Council halts work at Pugin vicarage
Historic building's facade will be removed and then reinstated after a revamp of the site
18 December, 2018 — By Dan Carrier
REMOVAL of the brick facade of a vicarage in Kentish Town designed by Victorian church builder Edward Pugin has been stopped by the Town Hall – after developers failed to submit a plan showing how the work will be carried out.
The 1860s vicarage in Fortess Road is set to be razed to the ground and its three flats replaced by nine homes – with the historic, patterned brick front rebuilt under a planning deal with the Town Hall.
Concerned neighbours contacted the New Journal as work began last week, fearing the owner, property firm Leycam, was taking down a celebrated landmark.
Edward Pugin was the son of renowned Gothic architect Augustus, who with Charles Barry designed the Houses of Parliament. Edward was responsible for more than 100 churches before he died aged just 40.
The vicarage was once connected to a church next door, pulled down without permission by another developer and replaced by flats in 2001.
Under planning permission granted five years ago, the vicarage facade will be removed while the rest of the five-storey extension is completed. It will then be put back in place. However, the Town Hall sent officers to the site on Monday and told workers to down tools until the developer had lodged a construction management plan – needed to demonstrate how work will be done safely and without impacting on the neighbourhood.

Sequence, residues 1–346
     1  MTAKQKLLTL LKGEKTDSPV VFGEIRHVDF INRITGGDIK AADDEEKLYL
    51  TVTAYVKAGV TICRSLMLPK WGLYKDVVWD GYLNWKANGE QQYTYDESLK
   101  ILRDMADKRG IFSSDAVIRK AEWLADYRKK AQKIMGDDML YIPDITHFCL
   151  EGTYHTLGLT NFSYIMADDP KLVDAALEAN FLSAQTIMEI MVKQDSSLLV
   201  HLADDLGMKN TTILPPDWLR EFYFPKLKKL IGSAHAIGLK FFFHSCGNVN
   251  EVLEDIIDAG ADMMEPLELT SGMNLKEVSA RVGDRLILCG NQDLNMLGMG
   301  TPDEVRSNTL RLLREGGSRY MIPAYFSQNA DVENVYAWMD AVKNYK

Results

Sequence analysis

Planning chief Councillor Danny Beales said: “The developers of 41 Fortess Road are required to submit a construction management plan to the council for approval under the terms of their planning permission. “As no construction management plan was agreed ahead of works starting, we contacted the owners demanding that they stop work immediately or we would seek an injunction. We have now received written confirmation from the owner that all works will stop on-site until they have met their obligations as set out in planning permission.”
He added: “The construction management plan seeks to minimise the impact of development on the surrounding environment and transport network, so it’s important we ensure that one is agreed.”
Ko Architects, which worked on the project, told the New Journal that the historic facade had to be removed because it was “structurally unstable”. “The works undertaken behind the front façade are part of the reconfiguration to convert the property into flats.
Camden Council have confirmed that the planning permission is valid and implemented,” the firm said. It did not respond to requests for further comment.
A neighbour, who did not wish to be named, said: “We have had to fight before to stop it being knocked down – so we are all watching very carefully to make sure the facade is carefully returned to its original state. We were shocked when the church was lost so we are all determined to make sure the vicarage is properly looked after.”